Lili Wang

Date of Award

Spring 2022

Document Type

Open Access Thesis


Biomedical Science

First Advisor

Igor Roninson


This project addresses the molecular and in vivo activities of transcriptionregulating module CKM, comprised of CDK8 (or CDK19) kinases, Cyclin C, MED12 and MED13. Our lab has found that CDK8/19 potentiates NFkB-induced transcription. In this study, we confirmed that both CDK8 and CDK19 regulate gene expression in kinasedependent manner. CDK8 and CDK19 are not required for NFkB-induced transcription, which also occurs in HEK293-dKO (CDK8 and CDK19 double knockout) cells, but such transcription becomes CDK8/19-dependent upon re-expression of CDK8 or CDK19 in dKO. Surprisingly. pre-treatment with a CDK8/19 inhibitor decreases the effect of CDK8/19 on NFkB-induced transcription.

In another set of studies, we found that CDK8 and CDK19 protect Cyclin C from proteasomal degradation in a kinase-independent manner. Cyclin C maintains its primarily nuclear localization in the absence of CDK8/19. The first human Cyclin C knockout derivative clones were developed in HEK293 cells. Cyclin C deficiency suppresses CDK8/19-regulated gene expression and it appears to suppress the cytoplasmic localization of MED12 protein of the CDK module.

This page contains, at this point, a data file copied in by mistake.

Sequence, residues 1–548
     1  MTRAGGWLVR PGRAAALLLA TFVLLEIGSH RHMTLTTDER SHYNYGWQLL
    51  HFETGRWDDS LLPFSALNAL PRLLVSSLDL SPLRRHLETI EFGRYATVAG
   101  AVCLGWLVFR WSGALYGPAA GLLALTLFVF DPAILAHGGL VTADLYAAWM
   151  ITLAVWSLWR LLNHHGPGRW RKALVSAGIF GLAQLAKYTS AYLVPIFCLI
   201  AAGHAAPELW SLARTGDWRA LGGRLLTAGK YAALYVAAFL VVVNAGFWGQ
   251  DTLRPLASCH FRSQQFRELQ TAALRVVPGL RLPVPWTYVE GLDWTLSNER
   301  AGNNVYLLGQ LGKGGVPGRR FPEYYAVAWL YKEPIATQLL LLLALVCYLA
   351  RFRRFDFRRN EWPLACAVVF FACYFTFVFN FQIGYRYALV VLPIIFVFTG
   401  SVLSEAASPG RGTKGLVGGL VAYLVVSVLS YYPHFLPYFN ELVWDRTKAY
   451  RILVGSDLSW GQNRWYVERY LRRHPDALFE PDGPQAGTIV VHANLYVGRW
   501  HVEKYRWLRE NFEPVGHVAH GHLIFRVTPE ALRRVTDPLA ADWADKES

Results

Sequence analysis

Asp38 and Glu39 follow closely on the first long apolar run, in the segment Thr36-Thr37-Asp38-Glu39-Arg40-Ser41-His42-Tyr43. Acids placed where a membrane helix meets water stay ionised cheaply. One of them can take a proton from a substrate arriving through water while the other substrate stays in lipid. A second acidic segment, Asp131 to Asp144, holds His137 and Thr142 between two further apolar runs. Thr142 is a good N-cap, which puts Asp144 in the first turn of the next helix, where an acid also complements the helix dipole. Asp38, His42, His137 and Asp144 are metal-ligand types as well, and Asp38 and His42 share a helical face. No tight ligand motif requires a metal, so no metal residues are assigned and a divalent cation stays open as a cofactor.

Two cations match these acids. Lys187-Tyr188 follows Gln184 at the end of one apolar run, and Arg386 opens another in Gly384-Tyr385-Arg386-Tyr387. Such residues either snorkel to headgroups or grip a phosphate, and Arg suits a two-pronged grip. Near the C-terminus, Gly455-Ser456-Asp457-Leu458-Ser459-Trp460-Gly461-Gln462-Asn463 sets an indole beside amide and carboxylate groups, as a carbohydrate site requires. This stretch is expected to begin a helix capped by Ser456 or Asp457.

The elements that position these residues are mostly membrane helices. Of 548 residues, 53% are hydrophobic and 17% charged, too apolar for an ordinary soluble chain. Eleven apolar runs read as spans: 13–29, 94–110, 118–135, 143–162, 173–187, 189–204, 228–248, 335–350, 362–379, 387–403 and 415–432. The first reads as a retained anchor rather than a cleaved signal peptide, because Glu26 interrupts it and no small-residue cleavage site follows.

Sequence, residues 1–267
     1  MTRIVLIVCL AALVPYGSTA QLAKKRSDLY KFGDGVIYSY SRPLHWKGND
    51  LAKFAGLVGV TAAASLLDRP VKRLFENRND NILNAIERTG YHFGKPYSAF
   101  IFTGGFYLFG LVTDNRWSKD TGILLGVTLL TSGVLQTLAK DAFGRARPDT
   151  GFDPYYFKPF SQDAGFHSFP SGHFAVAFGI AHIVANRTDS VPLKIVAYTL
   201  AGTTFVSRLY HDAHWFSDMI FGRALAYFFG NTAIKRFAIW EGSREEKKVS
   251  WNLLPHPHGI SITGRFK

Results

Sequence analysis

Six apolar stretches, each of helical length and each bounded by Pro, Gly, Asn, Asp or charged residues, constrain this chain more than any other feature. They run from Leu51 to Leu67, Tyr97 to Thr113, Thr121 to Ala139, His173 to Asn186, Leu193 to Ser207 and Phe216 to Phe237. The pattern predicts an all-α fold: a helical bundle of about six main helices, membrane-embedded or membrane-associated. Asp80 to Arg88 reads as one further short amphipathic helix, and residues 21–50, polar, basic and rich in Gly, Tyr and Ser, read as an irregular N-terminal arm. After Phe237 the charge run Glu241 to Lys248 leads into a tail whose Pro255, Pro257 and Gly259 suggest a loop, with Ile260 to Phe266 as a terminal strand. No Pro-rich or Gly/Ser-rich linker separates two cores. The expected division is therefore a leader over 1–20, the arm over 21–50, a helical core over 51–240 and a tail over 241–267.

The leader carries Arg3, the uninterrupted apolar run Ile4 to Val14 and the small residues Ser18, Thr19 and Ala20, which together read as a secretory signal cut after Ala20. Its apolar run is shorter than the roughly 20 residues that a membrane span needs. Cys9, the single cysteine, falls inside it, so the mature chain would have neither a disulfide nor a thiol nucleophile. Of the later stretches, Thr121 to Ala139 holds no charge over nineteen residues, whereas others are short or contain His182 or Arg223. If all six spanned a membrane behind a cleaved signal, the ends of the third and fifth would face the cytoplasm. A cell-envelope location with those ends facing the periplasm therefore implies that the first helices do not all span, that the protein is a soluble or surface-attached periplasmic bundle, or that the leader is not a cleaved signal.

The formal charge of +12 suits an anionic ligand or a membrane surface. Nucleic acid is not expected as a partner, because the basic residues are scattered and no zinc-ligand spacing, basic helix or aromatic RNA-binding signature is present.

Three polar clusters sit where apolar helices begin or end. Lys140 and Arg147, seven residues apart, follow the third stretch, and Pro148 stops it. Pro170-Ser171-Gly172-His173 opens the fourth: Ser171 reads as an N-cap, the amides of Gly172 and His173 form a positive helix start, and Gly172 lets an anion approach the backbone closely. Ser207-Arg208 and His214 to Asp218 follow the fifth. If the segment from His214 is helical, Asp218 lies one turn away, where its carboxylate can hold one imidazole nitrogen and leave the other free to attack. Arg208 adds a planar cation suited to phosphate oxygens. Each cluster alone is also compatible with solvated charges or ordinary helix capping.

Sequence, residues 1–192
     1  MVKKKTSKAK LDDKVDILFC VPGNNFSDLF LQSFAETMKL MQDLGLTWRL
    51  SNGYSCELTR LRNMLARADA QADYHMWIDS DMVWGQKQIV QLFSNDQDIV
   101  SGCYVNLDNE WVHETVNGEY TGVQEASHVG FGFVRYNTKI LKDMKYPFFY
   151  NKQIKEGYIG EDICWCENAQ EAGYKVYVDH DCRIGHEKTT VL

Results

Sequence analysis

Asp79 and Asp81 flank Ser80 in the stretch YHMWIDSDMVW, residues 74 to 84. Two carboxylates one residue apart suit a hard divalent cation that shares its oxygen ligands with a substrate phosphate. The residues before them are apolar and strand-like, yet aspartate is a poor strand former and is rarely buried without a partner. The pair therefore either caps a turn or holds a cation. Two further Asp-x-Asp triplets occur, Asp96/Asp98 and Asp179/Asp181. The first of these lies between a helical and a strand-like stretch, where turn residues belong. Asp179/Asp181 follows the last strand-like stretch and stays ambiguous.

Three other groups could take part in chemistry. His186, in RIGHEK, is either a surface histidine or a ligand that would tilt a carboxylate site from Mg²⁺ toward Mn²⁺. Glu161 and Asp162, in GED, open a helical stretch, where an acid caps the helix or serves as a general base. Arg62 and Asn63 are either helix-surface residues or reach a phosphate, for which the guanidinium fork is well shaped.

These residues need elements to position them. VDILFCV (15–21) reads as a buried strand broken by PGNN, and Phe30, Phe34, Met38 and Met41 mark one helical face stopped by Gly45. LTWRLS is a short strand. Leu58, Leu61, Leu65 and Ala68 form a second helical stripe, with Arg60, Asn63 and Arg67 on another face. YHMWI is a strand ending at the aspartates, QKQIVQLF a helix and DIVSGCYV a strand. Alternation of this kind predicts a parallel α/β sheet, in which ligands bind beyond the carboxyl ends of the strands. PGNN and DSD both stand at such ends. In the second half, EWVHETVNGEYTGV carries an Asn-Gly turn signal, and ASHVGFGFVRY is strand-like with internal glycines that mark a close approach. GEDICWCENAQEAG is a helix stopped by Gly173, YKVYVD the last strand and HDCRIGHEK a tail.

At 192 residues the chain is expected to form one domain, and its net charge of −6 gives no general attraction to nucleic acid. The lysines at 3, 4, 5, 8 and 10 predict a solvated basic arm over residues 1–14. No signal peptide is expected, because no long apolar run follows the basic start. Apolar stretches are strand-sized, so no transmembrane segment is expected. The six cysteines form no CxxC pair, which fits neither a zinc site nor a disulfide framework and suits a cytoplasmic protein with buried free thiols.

Finally, we investigated the effects of CDK8/19 inhibition on metastatic spread after i.v. injection of tumor cells. In this setting, 22Rv1 castration-resistant prostate cancer (CRPC) metastasizes to various organs but not to the lungs; CDK8/19 inhibitor SNX631 had no apparent effect on the overall metastatic growth of 22Rv1 CRPC in intact male mice. In contrast, Abrams osteosarcoma selectively metastasizes to the lungs after i.v. injection. SNX631 was found to inhibit lung metastases causing their shrinkage over the long term and significantly extending the survival.


© 2022, Lili Wang

Included in

Biomedical Commons